Profile: Nikki Haley
After winning Tuesday's Republican primary run-off in the South Carolina governor's race, Nikki Haley stands a good chance of becoming the first minority and woman governor of a deeply conservative state with a long history of racial strife.
And she has reached that position in spite of innuendo about her ethnic and religious background and unsubstantiated accusations of adultery - or perhaps because of them.
Mrs Haley, a state representative, is a staunch conservative whose willingness to buck the state's Republican establishment has won her the approval of former Alaska Governor Sarah Palin, and with it, support from the populist, anti-government Tea Party movement.
"She is telegenic and a fresh face, and she's saying all the right things in terms of transparency and changing the 'good ol' boy' system," said Chip Felkel, a veteran Republican political strategist in Greenville, South Carolina, who says he is not involved in the race.
'Image of diversity'
Indeed, some observers of South Carolina politics say the slurs and accusations allowed her to position herself as a target of the political establishment, the very group her supporters would oust from power.
The daughter of Indian immigrants raised in a Sikh household, Mrs Haley, 38, converted to Christianity and attends a Methodist church. She married her husband in a Christian wedding and a second traditional Sikh wedding and took her husband's name.
"She gives [the] image of diversity within the party leadership, without there being a diversity to the party platform and ideology," said University of South Carolina political scientist Todd Shaw.
An accountant and businesswoman, Mrs Haley was first elected to the state legislature in 2004 and boasts of fighting government waste and pushing for more accountability and efficiency in government.
'Unknown to victim'
Heading into the 8 June Republican primary election, Mrs Haley faced a crowded field of politicians vying to replace Governor Mark Sanford, who was disgraced last year by revelations he had carried on an affair while telling his staff he was off hiking.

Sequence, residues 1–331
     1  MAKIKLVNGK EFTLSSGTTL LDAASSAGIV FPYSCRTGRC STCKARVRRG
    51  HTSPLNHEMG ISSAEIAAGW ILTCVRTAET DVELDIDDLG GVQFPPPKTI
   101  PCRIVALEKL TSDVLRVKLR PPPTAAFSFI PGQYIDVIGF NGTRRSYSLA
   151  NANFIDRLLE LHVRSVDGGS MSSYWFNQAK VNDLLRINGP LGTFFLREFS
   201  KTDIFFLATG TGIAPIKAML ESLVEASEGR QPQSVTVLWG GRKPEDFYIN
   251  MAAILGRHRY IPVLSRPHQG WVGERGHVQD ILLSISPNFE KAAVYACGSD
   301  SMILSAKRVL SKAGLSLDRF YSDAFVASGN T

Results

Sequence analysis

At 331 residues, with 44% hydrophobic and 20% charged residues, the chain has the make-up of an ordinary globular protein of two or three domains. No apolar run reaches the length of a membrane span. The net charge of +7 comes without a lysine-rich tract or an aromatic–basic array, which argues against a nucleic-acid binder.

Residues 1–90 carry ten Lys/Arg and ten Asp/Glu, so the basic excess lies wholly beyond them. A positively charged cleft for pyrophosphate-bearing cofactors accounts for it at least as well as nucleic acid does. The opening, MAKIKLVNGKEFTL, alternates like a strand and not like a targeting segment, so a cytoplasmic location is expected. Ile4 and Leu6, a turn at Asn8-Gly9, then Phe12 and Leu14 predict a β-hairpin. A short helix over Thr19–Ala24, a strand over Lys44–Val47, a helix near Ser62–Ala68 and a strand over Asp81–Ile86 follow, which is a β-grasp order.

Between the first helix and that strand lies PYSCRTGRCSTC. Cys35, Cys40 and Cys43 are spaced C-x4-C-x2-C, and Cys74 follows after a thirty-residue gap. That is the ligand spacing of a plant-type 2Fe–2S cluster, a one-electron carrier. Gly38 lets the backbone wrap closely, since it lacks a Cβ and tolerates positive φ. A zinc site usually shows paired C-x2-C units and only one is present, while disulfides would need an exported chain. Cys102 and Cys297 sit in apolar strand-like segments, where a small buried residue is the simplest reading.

In the days before the vote, two men publicly stated they had had affairs with Mrs Haley.
She vehemently denied the accusations, and voters had reason to question her accusers' motives. One man was a political blogger with a reputation for provocation, and the other had been working for Andre Bauer, an opponent in the race. Neither provided convincing evidence of the alleged dalliances.
Then, Republican State Senator Jake Knotts unleashed an ethnic slur at a political forum, calling her a "raghead".
While her opponents were forced to react to that comment and the accusations of infidelity, Mrs Haley hammered her message of transparency in government, Mr Felkel said.
"She went from being an unknown to a victim to a martyr," he added.
She took 49% of the vote in the primary election, and in Tuesday's run-off she flattened Representative Gresham Barrett, who came second in the initial vote with 22%.
Pundits believe Mrs Haley will start the general election campaign as the front runner against Democrat Vincent Sheheen.
But some observers say Mrs Haley's adversarial style will make it difficult for her to win co-operation on her policy agenda from the lawmakers she has alienated.
"Legislative leaders simply do not like her," South Carolina's largest newspaper, The State, wrote on Sunday.